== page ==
Just over three short years ago, as equity markets were re-surging on a wave of taxpayer-funded bailout euphoria, we wrote "There is nothing that can be done at this point to prevent the administration from leeching every last dollar out of its taxpayers to benefit the terminally addicted and zombied bank system". We, in the imagined words of Ryan Lochte on Saturday, "Nailed It" as we see a market now so bereft of any human-based reaction to reality and merely a product of a drug-peddling central bank that appears to have become self-aware in its omnipotence. To wit, the present day; as we are teased and tickled day after day with the promise of more CB crack if we are just good boys and BTFD, the sad nay terrible fact is that even the most 'say hello to my little friend' of drug-dealers - those of the Brazilian Favelas - have decided to refuse to sell their 'crack' to their own people since it "also brought destruction in [the] community". Maybe, just maybe, the Fed will up its level of conscience this week to that of Brazilian drug-dealers.
Spot the Fed analogies:
Rio de Janeiro, Brazil - Under a footbridge, when night falls and it's pitch black, the only light that emanates is from flames given off from a few cigarette lighters and a couple candles. On the dirt floor trash is scattered about, including condoms and plastic water cups with holes punched in the bottom to be used as rudimentary pipes; the pungent stench of urine hangs in the air.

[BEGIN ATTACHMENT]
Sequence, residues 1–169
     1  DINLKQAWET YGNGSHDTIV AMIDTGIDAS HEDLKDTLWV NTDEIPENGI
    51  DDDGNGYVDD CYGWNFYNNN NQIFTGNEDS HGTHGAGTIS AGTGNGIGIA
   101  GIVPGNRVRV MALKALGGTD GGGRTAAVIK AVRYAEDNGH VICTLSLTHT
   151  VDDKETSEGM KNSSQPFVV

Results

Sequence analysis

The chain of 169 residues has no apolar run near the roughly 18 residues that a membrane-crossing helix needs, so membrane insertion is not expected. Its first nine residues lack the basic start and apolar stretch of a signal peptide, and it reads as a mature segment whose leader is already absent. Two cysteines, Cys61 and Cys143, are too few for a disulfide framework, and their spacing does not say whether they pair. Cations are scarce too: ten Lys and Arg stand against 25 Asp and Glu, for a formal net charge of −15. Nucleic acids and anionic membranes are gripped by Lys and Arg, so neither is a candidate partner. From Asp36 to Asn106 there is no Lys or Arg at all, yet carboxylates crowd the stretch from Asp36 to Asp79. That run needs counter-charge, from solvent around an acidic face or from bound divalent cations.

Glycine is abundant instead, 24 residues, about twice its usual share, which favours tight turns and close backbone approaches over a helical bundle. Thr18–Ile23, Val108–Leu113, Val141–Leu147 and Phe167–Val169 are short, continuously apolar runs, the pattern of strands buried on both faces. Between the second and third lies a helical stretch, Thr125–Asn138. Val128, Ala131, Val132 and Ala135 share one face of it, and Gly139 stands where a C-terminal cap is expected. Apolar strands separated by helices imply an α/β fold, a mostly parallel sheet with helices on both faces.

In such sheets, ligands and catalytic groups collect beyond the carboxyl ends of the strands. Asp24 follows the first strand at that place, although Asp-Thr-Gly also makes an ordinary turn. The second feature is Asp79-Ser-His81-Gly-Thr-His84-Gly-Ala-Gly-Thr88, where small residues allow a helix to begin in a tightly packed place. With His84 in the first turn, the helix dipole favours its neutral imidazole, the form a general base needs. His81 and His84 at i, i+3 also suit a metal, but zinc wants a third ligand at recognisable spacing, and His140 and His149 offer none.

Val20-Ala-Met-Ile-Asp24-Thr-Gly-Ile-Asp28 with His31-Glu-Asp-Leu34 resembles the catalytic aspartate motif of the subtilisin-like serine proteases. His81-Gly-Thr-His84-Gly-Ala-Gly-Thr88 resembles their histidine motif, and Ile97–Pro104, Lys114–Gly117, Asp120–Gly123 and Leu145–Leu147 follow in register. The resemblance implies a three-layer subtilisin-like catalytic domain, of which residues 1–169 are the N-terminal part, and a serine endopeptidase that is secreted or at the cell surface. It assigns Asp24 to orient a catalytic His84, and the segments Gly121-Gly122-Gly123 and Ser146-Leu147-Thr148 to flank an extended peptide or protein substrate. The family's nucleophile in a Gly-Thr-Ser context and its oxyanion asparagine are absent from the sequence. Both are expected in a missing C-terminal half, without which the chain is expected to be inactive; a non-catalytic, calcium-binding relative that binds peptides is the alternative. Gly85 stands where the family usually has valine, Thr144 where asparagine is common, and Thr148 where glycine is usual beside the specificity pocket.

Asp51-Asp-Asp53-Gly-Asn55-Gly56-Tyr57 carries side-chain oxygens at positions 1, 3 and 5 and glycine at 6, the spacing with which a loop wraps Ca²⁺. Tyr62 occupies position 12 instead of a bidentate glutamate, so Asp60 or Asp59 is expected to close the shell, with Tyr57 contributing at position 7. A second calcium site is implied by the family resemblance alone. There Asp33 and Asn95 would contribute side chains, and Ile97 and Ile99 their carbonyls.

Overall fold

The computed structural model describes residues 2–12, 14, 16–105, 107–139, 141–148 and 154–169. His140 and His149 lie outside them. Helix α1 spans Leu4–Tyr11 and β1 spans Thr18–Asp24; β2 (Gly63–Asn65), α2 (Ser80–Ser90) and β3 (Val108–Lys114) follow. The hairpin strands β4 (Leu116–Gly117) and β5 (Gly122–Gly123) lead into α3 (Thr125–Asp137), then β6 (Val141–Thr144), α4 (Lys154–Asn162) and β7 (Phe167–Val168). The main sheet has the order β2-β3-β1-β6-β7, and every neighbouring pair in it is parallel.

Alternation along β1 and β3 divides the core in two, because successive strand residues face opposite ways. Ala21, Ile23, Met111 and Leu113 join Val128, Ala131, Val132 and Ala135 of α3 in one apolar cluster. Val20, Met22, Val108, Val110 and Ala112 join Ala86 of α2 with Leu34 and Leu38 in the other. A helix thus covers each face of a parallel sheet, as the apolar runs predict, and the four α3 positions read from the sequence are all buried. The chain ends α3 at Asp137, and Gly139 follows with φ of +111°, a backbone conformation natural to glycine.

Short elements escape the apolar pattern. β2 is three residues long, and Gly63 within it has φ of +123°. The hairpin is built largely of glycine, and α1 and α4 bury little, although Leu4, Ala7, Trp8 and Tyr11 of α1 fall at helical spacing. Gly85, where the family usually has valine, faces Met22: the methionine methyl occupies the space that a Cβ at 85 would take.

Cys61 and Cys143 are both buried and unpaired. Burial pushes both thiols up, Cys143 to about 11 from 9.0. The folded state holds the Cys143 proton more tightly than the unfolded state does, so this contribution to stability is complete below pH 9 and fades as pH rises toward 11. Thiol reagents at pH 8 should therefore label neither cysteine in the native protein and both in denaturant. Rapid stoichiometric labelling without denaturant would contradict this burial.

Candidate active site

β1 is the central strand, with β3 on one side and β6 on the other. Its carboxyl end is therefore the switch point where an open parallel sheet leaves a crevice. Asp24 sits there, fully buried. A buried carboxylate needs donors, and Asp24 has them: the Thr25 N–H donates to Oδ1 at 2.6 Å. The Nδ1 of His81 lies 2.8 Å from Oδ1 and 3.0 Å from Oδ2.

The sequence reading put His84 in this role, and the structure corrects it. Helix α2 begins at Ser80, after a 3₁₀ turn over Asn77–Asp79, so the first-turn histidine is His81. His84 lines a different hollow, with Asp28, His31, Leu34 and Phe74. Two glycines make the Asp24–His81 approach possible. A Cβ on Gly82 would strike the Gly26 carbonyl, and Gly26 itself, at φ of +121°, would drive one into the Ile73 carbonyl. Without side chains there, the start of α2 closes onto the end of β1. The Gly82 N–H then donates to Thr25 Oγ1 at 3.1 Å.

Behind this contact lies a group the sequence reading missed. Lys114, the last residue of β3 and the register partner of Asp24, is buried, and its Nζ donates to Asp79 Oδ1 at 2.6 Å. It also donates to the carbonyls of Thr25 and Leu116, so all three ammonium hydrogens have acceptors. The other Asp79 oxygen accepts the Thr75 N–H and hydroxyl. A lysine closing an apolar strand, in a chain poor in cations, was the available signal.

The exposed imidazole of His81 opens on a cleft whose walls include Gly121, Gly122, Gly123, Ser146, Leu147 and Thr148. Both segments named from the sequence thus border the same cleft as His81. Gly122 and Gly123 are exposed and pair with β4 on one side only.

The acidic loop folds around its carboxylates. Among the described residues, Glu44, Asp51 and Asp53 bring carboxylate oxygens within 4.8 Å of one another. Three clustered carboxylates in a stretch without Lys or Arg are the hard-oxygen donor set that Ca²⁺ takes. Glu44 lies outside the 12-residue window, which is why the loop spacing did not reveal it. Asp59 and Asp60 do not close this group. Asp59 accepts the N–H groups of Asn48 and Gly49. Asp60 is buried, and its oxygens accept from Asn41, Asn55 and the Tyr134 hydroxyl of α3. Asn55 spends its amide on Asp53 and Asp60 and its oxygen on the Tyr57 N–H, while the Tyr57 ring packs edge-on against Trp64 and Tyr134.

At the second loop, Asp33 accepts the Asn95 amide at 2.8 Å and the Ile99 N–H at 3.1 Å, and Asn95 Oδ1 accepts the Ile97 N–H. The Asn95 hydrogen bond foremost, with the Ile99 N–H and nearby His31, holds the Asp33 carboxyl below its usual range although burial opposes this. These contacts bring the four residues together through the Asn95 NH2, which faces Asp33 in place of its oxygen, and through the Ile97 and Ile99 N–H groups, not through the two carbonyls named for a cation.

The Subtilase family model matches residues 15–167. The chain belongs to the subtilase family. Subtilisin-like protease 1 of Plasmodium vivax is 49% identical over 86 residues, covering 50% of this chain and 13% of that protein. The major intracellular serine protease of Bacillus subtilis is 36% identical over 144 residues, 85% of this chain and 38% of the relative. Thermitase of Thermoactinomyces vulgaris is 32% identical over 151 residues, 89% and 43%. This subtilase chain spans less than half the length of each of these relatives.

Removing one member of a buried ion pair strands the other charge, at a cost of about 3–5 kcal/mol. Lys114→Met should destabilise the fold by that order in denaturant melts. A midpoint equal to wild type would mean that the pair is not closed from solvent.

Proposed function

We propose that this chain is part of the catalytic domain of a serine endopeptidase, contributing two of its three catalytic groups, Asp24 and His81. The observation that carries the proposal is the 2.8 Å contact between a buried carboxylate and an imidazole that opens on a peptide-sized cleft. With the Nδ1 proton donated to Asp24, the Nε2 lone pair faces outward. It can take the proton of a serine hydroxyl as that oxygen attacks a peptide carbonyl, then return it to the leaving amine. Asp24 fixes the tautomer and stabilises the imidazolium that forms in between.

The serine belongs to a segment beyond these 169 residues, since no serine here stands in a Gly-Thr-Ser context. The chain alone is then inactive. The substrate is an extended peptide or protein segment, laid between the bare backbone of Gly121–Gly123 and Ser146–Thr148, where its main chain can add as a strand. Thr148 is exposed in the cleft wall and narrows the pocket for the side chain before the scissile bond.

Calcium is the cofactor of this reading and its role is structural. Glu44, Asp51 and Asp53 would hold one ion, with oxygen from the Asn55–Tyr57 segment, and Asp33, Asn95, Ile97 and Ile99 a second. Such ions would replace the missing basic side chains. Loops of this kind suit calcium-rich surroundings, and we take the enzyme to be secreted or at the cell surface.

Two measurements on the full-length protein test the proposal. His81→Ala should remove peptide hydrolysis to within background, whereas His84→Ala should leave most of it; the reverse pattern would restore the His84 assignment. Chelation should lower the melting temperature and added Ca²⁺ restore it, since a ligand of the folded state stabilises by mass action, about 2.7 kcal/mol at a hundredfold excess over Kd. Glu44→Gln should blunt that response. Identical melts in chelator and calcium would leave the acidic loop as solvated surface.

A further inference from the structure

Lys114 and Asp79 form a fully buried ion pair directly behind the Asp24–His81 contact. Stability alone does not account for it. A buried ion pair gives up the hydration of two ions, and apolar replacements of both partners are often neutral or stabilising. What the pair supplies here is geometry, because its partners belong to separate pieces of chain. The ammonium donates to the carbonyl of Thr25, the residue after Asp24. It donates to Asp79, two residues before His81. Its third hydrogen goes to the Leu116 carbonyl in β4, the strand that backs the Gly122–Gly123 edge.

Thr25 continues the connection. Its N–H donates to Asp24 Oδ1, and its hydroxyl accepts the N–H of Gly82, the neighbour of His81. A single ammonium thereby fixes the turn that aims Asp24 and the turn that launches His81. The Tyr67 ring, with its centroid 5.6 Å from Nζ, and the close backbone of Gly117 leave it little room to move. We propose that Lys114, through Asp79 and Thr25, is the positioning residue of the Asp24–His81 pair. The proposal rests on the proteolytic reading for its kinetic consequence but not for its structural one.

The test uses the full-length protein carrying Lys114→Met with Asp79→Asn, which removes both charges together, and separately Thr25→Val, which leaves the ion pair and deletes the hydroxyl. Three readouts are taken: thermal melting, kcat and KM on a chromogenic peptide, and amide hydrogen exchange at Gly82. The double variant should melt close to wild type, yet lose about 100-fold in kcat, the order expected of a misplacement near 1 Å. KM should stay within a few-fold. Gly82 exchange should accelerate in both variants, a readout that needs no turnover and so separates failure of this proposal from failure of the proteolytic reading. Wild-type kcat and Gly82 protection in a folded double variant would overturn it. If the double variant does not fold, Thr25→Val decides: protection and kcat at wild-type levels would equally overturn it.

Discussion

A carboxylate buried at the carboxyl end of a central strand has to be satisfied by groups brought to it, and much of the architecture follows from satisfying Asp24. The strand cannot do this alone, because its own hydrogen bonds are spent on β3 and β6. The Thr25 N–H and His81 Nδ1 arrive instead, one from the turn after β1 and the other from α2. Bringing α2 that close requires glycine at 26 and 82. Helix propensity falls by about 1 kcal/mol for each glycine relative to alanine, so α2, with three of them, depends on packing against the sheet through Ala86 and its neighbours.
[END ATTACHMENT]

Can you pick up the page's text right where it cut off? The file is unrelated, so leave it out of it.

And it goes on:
It's filthy, but nobody seems to notice. The couple dozen people here on the ground are all too fixated on taking their next hit of crack cocaine.
This scene plays out inside the Antares slum - or favela as it is known in Brazil - in the industrial outskirts of Rio de Janeiro. There are men, women, and even children, all using.
Paulo, a middle-aged man and father of three young children, is hunched over and inhaling a hit.
"I use crack every day, almost every hour," he said without hesitation. "This is a drug you fall in love with the first time you use it."
The Antares favela is under the command of dozens of machine gun wielding young men from a faction of the Comando Vermelho drug gang. It's generally considered a no-go area for police. A night-time visit inside the drug den in the slum reveals a troubling scene but points to a larger picture of how crack has become a security and public health epidemic in Brazil, spreading to all corners of the country and infiltrating all economic classes.
But since a rock of crack can be purchased for only R$5 (less than $3 USD), the most desperate and downtrodden users tend to congregate by the hundreds in and around Rio's favelas, where it can be easily purchased.